Reflections on 9-11

For these readers, mere prose could not capture the feelings such a tragedy inspired.

September 11, 2000 and one

The day the horror in N.Y. begun

Then it went on to Washington, D.C.

Then again somehow on Flight 93

It caused such terror and strife

Such devastation and loss of life

They were mothers and fathers

They were daughters and sons

We know that these terrorists

They thought they had won

But together as a nation

We stood straight and tall

We let them know

They can’t destroy us all

Yes, they hurt us

We’ve shed many tears

But we will survive

We will be here for years

They caused us pain

They caused us grief

But we will rebuild

Because of our belief

We are one nation under God

United we all do stand

We all live in America

And this is always our land.

–Charlotte Jackson,
South Philadelphia


Many were hurt, many died

But all of us certainly cried

Words of prayer, not of hate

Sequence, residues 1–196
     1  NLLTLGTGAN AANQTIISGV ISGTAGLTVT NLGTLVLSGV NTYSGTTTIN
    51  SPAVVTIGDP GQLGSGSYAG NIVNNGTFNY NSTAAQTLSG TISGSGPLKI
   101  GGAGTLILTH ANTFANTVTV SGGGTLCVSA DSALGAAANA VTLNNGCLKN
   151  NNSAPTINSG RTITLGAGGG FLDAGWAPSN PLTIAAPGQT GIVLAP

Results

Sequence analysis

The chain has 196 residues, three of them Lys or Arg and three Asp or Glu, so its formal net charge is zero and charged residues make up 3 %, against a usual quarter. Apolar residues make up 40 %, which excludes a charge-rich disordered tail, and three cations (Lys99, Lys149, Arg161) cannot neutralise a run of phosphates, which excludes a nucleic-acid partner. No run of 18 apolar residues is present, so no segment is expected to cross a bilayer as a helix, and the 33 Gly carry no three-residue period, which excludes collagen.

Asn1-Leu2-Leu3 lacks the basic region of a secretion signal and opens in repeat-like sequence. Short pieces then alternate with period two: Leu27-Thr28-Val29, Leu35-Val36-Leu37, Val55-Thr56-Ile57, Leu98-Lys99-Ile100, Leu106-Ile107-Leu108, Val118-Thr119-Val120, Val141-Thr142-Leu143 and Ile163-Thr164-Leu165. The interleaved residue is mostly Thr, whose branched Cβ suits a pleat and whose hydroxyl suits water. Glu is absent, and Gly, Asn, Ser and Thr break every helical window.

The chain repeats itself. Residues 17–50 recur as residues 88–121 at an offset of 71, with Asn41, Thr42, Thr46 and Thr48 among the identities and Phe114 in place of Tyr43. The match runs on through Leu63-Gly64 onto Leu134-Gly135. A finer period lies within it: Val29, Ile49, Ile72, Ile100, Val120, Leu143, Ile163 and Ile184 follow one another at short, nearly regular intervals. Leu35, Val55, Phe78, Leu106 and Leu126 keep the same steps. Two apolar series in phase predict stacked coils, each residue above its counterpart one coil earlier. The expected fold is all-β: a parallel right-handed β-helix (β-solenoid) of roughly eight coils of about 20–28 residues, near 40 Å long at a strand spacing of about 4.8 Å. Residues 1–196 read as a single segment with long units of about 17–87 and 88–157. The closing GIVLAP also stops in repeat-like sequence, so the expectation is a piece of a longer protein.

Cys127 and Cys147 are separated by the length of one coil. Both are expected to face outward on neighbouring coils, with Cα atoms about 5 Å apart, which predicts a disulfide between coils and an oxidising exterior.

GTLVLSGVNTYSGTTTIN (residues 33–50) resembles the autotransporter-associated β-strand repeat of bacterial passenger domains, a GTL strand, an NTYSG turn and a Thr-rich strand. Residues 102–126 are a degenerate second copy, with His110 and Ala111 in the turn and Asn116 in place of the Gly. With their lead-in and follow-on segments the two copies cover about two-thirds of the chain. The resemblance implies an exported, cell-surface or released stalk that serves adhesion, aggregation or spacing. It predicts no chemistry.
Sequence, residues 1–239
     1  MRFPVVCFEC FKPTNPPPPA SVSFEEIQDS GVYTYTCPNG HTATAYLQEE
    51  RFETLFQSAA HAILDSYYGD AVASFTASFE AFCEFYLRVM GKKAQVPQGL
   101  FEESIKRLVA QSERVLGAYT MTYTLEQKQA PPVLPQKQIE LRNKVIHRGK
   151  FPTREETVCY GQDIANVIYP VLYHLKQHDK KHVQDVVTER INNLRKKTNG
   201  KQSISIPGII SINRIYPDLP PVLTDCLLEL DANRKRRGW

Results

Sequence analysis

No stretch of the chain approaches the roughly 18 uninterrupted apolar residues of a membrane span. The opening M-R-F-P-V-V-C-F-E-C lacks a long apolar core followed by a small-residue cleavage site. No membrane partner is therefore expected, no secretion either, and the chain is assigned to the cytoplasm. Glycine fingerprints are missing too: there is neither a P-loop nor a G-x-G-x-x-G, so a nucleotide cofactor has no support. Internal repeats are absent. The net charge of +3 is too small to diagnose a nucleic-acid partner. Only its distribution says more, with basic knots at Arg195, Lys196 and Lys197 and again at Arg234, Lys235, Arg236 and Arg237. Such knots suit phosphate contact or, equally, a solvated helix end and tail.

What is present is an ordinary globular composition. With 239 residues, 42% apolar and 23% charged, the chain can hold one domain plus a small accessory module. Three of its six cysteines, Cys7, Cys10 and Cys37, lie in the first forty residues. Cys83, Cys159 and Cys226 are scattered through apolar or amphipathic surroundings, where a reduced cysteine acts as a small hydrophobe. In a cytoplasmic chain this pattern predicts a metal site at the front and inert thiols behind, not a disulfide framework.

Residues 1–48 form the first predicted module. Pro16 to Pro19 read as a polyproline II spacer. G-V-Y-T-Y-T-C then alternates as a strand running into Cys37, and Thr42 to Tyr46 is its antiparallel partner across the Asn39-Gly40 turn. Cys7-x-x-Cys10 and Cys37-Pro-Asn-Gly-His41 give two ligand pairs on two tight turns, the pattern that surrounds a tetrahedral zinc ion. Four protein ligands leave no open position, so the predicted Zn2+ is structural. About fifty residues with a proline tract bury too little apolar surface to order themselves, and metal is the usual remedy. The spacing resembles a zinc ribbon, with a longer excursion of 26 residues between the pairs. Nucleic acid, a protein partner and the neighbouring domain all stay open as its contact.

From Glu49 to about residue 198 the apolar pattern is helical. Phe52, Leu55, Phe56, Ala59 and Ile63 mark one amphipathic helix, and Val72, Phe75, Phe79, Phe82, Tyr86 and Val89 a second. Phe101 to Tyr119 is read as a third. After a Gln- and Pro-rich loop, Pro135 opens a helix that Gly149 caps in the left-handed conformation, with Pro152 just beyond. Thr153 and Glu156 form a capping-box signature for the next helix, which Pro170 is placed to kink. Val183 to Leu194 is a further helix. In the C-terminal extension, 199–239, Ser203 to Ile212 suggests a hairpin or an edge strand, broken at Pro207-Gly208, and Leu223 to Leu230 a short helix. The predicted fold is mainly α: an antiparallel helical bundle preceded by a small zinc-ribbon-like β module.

One of the things making America great

Disaster struck on our land

And we all agreed, "United We Stand"

Like Pearl Harbor we’ll always remember

The terrible day, the eleventh of September.

–Carl B. Spinelli,
South Philadelphia


The following letter also was inspired by the report of a fatal dog beating in Mantua last month:

There must be more love and understanding in this world

There must be a way of life that is gentle

There must be less killing, destroying and overreacting with violence

There must be a sense that kindness is not weakness

There must be an empathy for all life … animal, plant and human

There must be a strong belief in the spirit within and the spirits that have passed

There must be pain felt … those feelings must lead you to seek a better world

There must be peace on this Earth with all life … at least for a moment

There must be a way to stop the pain and suffering of so much in this world

There must be an understanding in all humans of what happens when a gentle way is not taken

There must be seen reason and sanity in simple, gentle steps and touch

There must be full meaning and clarity of words

There must be a way to bring our hearts and souls into this world as rulers

There must be a way to put the better part of ourselves in charge.

–Joseph Torelli,
South Philadelphia